It is good that you are acting on some of the things that you have learned from your readings of Barthes’ work about the way in which we create meaning from the pictorial elements that are placed in front of us. Have another think about the section in Camera Lucida that talks about the ‘studium’ and ‘punctum’. How would your image be read in these terms? My suggestion would be that you have managed to create a general reading, look or feel (studium) to the image but as it stands, it is the ‘puncum’ (the element that, ‘rises from the scene, shoots out of it like an arrow, and pierces me’) that is perhaps missing. This doesn’t necessarily have to be an obvious thing but I feel that this image needs something to guide the viewer in an more obvious direction that is then undermined by the other meanings associated with the other objects. Perhaps the image on the computer?
Demonstration of technical and Visual Skills, Demonstration of Creativity
This looks ok.
Context, reflective thinking, critical thinking, analysis
This area of your blog needs much more work, try to clearly show the assessors the books that you have been reading in relation to your work as well as practitioners that you feel cross over (or who are at odds) with your work and ideas. We need to see much more evidence of research outside of your practical experiments.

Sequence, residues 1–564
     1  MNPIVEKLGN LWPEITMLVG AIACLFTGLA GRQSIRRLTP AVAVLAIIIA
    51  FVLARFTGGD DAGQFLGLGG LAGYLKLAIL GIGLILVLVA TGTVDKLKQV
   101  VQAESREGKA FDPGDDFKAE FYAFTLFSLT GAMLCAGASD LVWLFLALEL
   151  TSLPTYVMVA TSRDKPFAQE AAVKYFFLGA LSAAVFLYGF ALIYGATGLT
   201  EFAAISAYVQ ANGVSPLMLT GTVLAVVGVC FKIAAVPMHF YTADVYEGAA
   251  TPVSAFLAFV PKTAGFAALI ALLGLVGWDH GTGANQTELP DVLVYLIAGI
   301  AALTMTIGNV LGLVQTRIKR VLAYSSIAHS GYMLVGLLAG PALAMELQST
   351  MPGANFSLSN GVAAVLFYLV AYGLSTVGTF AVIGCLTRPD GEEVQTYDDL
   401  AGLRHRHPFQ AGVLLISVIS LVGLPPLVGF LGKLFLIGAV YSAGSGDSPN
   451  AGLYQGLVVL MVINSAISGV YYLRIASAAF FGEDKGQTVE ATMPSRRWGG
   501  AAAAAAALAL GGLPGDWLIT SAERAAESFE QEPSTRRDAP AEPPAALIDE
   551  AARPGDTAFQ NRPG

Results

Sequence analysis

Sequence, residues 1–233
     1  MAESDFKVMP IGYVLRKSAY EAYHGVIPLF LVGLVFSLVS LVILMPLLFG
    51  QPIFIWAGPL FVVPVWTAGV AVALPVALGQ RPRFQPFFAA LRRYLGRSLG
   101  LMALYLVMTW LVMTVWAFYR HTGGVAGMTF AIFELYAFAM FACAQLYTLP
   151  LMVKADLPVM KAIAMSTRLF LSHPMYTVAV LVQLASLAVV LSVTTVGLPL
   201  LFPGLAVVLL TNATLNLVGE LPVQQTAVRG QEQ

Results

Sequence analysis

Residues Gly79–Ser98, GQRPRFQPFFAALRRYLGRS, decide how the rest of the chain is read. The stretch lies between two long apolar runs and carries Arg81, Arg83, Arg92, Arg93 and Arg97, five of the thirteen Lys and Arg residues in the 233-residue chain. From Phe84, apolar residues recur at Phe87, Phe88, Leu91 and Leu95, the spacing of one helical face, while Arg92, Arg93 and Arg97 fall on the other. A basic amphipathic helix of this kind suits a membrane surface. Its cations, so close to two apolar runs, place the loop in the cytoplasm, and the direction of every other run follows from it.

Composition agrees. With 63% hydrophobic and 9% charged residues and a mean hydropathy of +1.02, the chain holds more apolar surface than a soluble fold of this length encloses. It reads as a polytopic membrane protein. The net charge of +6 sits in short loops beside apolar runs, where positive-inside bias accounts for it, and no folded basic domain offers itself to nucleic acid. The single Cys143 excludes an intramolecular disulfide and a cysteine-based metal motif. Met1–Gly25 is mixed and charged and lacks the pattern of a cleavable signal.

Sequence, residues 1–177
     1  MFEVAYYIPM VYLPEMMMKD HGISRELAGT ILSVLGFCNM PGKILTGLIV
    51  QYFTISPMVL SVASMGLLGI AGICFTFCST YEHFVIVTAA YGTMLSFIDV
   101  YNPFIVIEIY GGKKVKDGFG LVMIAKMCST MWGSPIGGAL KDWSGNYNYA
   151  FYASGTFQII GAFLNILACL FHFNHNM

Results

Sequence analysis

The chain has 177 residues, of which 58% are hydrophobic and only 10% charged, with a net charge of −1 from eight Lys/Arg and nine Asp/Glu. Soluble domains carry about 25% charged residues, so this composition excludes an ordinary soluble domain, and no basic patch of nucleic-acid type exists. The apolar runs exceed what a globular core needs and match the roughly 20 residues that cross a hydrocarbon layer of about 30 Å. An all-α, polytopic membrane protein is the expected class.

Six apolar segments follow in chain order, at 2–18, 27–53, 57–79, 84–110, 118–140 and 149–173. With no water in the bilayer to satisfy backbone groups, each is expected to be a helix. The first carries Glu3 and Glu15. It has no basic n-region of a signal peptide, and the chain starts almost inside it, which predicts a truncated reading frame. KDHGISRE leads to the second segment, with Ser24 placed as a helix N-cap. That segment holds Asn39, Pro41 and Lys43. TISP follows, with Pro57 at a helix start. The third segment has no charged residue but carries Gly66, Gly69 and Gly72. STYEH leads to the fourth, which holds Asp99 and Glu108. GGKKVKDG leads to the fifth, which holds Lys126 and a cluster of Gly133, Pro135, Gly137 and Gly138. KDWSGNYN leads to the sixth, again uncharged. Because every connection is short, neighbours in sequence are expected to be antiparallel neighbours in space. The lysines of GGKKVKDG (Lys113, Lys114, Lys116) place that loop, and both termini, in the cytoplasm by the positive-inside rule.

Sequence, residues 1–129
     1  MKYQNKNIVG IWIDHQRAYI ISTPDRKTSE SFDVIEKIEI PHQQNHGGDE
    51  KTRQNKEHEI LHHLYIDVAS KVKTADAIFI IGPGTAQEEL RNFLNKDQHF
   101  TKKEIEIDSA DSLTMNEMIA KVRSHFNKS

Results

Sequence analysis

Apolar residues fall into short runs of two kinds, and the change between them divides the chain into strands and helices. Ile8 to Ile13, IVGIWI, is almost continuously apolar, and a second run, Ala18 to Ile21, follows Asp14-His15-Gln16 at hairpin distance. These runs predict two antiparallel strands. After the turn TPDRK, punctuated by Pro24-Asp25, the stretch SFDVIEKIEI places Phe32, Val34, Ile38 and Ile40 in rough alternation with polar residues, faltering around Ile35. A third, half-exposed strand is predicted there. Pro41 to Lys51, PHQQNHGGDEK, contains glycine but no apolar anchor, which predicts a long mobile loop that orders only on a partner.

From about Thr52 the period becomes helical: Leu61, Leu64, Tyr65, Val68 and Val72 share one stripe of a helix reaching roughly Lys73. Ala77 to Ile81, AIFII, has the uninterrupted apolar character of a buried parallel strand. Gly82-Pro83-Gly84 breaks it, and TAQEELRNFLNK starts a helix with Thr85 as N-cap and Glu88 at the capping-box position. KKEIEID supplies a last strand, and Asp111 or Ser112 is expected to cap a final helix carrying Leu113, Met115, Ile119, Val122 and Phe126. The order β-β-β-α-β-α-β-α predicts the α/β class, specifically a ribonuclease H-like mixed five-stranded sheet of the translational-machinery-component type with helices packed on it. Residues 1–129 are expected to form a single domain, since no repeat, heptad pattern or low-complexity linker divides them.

Context, reflective thinking, critical thinking, analysis
For the assessment, the assessor will want to access the elements of your work quickly and efficiently. Try to organize it so that when they click on the relevant assignment in the menu on the left, the first thing that arrives on screen is the actual assignment – the work – followed by your reflection and feedback etc. I know that is often blogs are set up to show the most recent post at the top but I am pretty sure you can change this . As an assessor, I often find it irritating to have to scroll down a long list of posts to find the information I need – and you don’t want to irritate the assessor!
It would be good to see evidence of further research about the way in which women are depicted in society or even within photography. Start with looking at Martha Rosler and follow the literary references and writings that are associated with her practice – particularly ‘The Semiotics of the Kitchen’. Also look at Sian Bonnell particularly her early work based on absurd domestic settings.
Pointers for the next assignment / assessment
- Have a think about how you would like this final image to be read. Could you suggest something a general sense of the image that is a bit darker, more difficult and less clinical, lighting? Anylise some of your images of your office as it was – the lighting in these pictures is much more evocative and might be a good place to start a rethink?
- Think about the image on the computer, could this be an element that changes
- Show more evidence of accompanying visual and literary research.